Member Rating 3 out of 5 by rufusni on August 1, 2007

This is one of the few buildings that have survived fairly intact from ancient Rome dating from 125 A.D., although was an earlier pantheon here from 27 B.C. Its name implies that this was a temple to many gods, but it isn't clear how it was used for worship. However, in 609 A.D. it was consecrated as a Christian church and dedicated to Santa Maria ad Martyres. This conversion into a church is the reason that the building has been maintained, and it is still used now with mass said on Sundays at the altar. Much of the building's lavish decoration has been removed over the years including stripping the bronze roof. However, it is the architecture of this building that is breathtaking.

You wander from narrow streets into a piazza that is dominated by the Pantheon. The square has various caf├ęs around the edge but it is quite noisy and busy with tourists and not really the most pleasant setting, there are more pleasant piazzas close by. The grandeur of the Pantheon is clear but it is unfortunately crowded by the surrounding buildings so that it cannot be fully appreciated.

The interior is quite amazing because of the architectural design rather than the decor. The dome is quite spectacular and was the largest dome in the world for hundreds of years. The dome was created by pouring many rings of concrete mixed with volcanic pumice stone. The dome has a equal diameter and height at 142 feet and has an open oculus of 8 metres diameter. The oculus is the only source of natural light in the building and is quite amazing as a distinct and visible beam of light radiates down. Beneath the floor is sloped into drains so if rain falls through the oculus it runs off. The interior of the dome has five rows of 28 square coffers that increase in size from the oculus. These indented squares make the dome look stunning with the pattern of light and shadow created by them.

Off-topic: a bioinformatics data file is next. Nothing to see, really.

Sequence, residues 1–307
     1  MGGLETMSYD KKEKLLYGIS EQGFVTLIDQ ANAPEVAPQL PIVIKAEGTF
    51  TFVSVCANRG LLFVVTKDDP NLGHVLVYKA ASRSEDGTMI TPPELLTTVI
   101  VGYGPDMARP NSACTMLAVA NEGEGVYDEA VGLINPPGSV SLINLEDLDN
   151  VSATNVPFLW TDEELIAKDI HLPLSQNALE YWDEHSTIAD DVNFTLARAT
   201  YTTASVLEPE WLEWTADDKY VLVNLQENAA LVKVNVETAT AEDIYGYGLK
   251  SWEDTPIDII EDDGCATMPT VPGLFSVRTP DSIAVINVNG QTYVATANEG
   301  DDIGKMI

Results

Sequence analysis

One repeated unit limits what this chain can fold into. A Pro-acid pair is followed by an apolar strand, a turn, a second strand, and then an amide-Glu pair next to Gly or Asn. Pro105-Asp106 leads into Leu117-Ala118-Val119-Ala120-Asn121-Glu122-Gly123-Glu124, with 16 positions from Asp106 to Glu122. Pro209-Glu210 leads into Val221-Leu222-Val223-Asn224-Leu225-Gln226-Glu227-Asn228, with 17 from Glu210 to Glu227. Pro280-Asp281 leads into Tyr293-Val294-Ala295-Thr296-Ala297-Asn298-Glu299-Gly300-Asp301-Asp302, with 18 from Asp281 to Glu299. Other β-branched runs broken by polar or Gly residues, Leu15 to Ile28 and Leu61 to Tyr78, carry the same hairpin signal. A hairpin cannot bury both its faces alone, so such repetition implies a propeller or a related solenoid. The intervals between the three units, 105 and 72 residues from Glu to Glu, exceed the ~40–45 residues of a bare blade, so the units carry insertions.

Around the circular interior of the building, which is decorated with coloured marble, are various side chapels and niches, including the tomb of the artist Raphael, and several Italian kings also had tombs created here. However, these are probably of less interest that the incredible structure which you can tell simply by the number of people staring up. The building with its dome and portico has been an inspiration for many buildings, and Michaelango apparently studied the dome here as well.

This is an incredible example of Roman architecture that I found well worth visiting. It is open daily from 9am to 6.30pm except on Sunday when it closes at 1pm. Entrance is free, and there is no queuing normally as the building is so huge inside there is room for a large crowd.
Piazza della Rotonda
Rome, Italy, 00186
+39 0668300230

┬ę LP 2000-2009